And the candidate herself was a problem. Not on a personal or professional level, for she is widely respected and well-known after her tenure at foreign affairs, but on a symbolic level. She is, after all, Jacob Zuma’s ex-wife; could she really maintain her independence, or would she be under Pretoria’s thumb?
The showdown came at that African Union summit in January. Only heads of state are allowed to vote in this particular election, and the ballot is secret. To win, either candidate needed more than two-thirds of the vote. Neither got it – but South Africa was the biggest loser, unable to unseat the relatively unpopular incumbent and only receiving support from a handful of countries outside of its southern African stronghold.
As Khadija Patel and I wrote at the time: “The ugly truth is [that] Dlamini-Zuma failed to win even a simple majority in any of the four rounds of voting. It was a stunning defeat, an absolute rejection of South Africa’s attempt to make Africa in its own image, and a humbling dose of reality for those in our government who had overestimated our influence on the continent. What makes it sting all the more is that the betrayal was personal. The votes were cast by the assembled heads of state themselves, most of whom Jacob Zuma had taken much time and trouble to lobby on his ex-wife’s behalf.”
Again, South Africa appeared hopelessly out of touch with reality; singing and dancing their way out of the conference hall, celebrating their Pyrrhic “victory” in preventing another term for Ping; scenes reminiscent of Bafana Bafana’s infamous victory lap that wasn’t.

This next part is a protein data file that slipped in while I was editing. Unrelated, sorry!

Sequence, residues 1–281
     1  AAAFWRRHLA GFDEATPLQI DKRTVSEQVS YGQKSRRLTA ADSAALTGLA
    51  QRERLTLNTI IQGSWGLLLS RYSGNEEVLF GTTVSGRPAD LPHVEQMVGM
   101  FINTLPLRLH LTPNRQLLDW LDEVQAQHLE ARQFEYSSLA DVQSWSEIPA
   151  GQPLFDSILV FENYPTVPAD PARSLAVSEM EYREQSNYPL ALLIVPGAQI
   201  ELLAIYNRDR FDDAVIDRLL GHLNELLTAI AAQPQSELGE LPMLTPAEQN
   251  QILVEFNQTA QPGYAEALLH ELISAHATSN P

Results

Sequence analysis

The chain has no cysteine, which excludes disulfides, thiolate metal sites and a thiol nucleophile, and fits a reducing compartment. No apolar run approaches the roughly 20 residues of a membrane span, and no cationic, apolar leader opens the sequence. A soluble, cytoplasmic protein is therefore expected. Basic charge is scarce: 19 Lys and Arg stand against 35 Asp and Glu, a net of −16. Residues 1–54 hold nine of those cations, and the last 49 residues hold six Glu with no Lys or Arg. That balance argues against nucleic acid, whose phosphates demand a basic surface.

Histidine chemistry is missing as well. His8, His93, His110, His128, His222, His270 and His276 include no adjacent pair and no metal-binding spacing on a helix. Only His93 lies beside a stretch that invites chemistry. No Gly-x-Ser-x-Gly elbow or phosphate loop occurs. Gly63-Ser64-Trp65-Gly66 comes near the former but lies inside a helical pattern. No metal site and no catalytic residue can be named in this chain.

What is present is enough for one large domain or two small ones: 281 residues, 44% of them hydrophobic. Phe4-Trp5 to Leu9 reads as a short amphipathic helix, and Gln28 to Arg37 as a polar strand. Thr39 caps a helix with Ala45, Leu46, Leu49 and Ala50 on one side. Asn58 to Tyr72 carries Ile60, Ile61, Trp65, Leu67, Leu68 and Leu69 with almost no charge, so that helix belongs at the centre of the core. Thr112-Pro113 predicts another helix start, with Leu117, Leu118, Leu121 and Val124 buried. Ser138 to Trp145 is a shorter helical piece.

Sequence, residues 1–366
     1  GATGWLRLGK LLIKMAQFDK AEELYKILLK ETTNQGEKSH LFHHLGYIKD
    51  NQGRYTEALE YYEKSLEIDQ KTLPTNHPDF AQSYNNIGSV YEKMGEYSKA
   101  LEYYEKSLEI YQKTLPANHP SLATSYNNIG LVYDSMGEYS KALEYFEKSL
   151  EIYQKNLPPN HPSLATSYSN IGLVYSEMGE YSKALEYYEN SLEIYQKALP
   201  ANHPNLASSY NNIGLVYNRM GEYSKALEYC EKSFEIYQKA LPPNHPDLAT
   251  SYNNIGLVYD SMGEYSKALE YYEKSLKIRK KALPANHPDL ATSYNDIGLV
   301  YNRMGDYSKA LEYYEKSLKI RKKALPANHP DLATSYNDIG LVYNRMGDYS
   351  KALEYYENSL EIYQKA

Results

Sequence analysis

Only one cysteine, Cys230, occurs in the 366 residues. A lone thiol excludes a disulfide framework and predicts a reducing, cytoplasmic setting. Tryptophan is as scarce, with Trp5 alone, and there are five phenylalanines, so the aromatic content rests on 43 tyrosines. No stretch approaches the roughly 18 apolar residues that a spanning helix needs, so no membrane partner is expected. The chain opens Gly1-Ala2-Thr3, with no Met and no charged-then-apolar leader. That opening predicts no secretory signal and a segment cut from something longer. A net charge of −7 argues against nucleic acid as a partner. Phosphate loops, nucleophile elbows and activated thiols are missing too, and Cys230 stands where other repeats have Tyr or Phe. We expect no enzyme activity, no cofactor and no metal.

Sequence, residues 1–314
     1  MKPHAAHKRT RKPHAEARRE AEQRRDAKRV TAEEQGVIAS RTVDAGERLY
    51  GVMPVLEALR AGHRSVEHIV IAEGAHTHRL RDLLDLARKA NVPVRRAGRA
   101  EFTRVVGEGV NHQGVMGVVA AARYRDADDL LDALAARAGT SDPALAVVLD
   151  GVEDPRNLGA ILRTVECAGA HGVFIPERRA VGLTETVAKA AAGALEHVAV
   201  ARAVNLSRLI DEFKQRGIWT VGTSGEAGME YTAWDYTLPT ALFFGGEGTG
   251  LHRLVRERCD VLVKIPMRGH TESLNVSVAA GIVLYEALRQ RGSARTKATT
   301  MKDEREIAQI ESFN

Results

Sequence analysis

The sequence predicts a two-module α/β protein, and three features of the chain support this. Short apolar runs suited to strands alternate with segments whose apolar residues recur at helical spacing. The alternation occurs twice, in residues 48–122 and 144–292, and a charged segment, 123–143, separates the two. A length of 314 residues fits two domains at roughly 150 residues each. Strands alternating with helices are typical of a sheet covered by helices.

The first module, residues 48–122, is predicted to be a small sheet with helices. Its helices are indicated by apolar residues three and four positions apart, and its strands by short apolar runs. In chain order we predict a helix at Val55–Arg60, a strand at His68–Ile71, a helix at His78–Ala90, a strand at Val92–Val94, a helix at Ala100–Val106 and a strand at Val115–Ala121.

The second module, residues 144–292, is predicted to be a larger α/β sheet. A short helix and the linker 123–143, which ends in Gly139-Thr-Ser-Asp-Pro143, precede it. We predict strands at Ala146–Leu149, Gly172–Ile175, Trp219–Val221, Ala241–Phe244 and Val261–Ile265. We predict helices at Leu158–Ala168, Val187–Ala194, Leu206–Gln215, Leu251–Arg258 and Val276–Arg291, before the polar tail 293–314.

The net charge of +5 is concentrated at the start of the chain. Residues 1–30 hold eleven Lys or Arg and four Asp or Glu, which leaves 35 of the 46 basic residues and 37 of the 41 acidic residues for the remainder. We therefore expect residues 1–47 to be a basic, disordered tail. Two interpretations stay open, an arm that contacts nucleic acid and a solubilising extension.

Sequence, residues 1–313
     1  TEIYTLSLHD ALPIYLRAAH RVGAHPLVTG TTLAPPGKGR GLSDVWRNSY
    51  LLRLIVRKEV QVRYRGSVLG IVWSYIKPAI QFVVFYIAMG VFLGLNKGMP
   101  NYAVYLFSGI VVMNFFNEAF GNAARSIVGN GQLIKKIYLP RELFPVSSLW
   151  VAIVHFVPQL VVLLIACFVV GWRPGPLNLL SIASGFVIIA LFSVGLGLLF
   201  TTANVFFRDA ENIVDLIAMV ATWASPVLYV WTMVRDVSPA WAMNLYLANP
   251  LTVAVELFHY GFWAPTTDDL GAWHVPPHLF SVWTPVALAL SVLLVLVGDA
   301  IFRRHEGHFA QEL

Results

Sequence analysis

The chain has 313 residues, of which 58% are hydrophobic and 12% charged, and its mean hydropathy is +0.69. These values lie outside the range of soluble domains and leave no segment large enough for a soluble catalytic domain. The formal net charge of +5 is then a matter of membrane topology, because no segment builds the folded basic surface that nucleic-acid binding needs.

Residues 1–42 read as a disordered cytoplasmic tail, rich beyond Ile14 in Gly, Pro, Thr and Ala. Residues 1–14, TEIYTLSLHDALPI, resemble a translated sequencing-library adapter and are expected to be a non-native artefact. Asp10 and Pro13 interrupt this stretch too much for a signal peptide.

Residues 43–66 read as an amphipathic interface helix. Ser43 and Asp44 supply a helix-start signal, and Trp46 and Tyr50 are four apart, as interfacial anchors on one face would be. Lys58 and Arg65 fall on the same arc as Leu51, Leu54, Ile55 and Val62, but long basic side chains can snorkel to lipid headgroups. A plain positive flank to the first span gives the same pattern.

And so the continent was left headless, with Jean Ping allowed to continue his lame-duck tenure until the vote could be held again at the next AU summit. The thinking was that the six months between January and July would be plenty of time to fashion some kind of compromise and find the consensus which is so important in African politics.
With just two days left until Sunday’s vote, no compromise has been reached. Instead, both sides have redoubled their campaigns, with Jean Ping receiving particularly enthusiastic backing from Nigeria. Officials at South Africa’s department of international relations and cooperation are confident, however, that the situation has changed. Although they readily admit that Dlamini-Zuma has no chance of achieving that elusive two-thirds majority, they think that she will win by a simple majority, and that should be enough to put South Africa in the driving seat during the protracted negotiations that will follow. It’s a risky strategy, especially given the apparent lack of any plan B.
Chances are the continent is heading for another stalemate. South African arrogance, combined with a continental propensity for stubbornness, are proving that even the absence of mad Colonel Gaddafi has not made the AU any more sensible than it was before. DM
Photo: African Union Commission Chairman Jean Ping (L) and Benin’s President Thomas Boni Yayi, newly elected African Union president, talk shortly after the closing ceremony of the 18th African Union (AU) summit in Ethiopia’s capital Addis Ababa January 31, 2012. REUTERS/Noor Khamis